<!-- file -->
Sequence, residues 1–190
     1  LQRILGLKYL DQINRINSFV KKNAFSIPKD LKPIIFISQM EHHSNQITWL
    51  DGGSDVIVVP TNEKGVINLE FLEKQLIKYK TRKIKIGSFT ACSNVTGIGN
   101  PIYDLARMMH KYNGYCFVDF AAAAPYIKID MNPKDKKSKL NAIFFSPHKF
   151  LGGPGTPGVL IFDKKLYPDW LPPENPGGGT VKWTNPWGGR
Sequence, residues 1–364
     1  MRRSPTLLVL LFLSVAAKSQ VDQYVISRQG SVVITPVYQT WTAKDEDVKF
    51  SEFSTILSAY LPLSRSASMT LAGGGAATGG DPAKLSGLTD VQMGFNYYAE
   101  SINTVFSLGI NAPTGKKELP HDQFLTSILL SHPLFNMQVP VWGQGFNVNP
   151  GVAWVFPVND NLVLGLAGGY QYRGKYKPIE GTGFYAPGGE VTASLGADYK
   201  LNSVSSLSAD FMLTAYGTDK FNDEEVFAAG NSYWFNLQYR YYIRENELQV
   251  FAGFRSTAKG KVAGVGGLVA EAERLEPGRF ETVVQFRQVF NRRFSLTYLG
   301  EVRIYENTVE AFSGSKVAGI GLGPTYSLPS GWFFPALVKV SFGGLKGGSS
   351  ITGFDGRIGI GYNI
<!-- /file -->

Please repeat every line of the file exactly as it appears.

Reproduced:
Sequence, residues 1–190
     1  LQRILGLKYL DQINRINSFV KKNAFSIPKD LKPIIFISQM EHHSNQITWL
    51  DGGSDVIVVP TNEKGVINLE FLEKQLIKYK TRKIKIGSFT ACSNVTGIGN
   101  PIYDLARMMH KYNGYCFVDF AAAAPYIKID MNPKDKKSKL NAIFFSPHKF
   151  LGGPGTPGVL IFDKKLYPDW LPPENPGGGT VKWTNPWGGR
Sequence, residues 1–364
     1  MRRSPTLLVL LFLSVAAKSQ VDQYVISRQG SVVITPVYQT WTAKDEDVKF
    51  SEFSTILSAY LPLSRSASMT LAGGGAATGG DPAKLSGLTD VQMGFNYYAE
   101  SINTVFSLGI NAPTGKKELP HDQFLTSILL SHPLFNMQVP VWGQGFNVNP
   151  GVAWVFPVND NLVLGLAGGY QYRGKYKPIE GTGFYAPGGE VTASLGADYK
   201  LNSVSSLSAD FMLTAYGTDK FNDEEVFAAG NSYWFNLQYR YYIRENELQV
   251  FAGFRSTAKG KVAGVGGLVA EAERLEPGRF ETVVQFRQVF NRRFSLTYLG
   301  EVRIYENTVE AFSGSKVAGI GLGPTYSLPS GWFFPALVKV SFGGLKGGSS
   351  ITGFDGRIGI GYNI